Sadly, in the event, the Royal Exhibition ticket sales and subscriptions did not cover the cost of the new School of Art and Science. Titus Jnr. must have been very aware of the financial problems his efforts resulted in for the Saltaire schools, in which he had invested so much of his time and energy. On 18 November 1887 he was due to preside over a meeting of the ‘executive committee for the exhibition’ at Salts Mill in the afternoon but at 12 noon, ‘due to feeling indisposed’, he sent his apologies for not being able to attend and he left for home, Milner Field, at 12.30 where he had lunch, took a walk around the grounds and returned to the house at 3.45 pm. According to reports at the time, he entered the smoking room to rest himself but was ‘taken immediately worse’ and his butler summoned Mrs. Salt, but when she reached her husband’s side, he was unconscious and very shortly afterwards died.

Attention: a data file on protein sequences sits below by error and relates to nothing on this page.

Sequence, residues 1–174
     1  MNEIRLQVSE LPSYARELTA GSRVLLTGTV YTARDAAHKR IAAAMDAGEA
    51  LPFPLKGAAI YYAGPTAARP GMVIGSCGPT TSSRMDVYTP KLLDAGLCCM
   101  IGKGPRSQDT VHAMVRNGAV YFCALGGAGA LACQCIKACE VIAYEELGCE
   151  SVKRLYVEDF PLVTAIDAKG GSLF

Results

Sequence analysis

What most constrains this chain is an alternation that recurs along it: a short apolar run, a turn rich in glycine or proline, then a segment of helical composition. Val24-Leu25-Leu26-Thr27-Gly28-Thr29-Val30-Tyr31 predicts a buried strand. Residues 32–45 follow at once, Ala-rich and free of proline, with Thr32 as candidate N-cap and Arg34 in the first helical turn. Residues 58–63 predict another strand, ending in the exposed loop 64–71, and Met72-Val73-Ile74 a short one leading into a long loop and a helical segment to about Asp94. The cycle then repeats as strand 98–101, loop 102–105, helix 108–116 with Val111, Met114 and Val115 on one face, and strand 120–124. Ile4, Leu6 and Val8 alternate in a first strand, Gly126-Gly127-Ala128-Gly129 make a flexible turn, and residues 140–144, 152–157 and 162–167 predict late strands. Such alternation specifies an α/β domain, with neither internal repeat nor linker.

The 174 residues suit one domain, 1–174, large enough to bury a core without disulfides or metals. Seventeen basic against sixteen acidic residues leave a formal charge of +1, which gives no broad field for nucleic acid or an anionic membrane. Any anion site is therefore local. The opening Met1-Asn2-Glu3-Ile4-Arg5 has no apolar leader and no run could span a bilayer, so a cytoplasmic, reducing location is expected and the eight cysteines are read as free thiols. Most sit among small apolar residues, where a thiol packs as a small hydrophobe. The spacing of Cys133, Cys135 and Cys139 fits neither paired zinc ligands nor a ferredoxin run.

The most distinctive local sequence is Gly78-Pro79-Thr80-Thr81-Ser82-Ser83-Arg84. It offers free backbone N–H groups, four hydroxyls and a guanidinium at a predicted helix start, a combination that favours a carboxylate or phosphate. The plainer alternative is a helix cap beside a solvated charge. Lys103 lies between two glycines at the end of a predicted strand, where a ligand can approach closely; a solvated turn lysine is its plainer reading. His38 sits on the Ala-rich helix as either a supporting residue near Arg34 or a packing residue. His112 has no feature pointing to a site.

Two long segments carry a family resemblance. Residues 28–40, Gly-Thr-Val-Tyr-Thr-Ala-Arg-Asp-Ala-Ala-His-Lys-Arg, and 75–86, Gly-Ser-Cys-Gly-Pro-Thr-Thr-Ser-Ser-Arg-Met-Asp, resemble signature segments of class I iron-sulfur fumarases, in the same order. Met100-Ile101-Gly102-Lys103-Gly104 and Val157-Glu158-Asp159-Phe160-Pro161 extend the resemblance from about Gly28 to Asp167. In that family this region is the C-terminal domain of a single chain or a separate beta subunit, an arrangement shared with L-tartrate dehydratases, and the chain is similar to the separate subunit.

The obituaries for Titus Salt Jnr. were long and praiseworthy. He was noted as having ‘inherited much of that business acumen and enterprise so conspicuously displayed by his father’ and he is perceived as pursuing his father’s goals to promote the social and intellectual well-being of the people ‘amongst whom he lived’. He was praised for his establishment of a fine group of Saltaire schools and for supporting the innovative methods of education established in the ‘Albert Road Board School’ (now Saltaire Primary School). The ‘New School of Art and Science’ (now known as Exhibition Building and the home of Shipley College) is much more his legacy than that of his father, Sir Titus Salt, and he should be remembered with great affection at the very least for the exemplary work he did to establish education in the model village for all age groups of learners.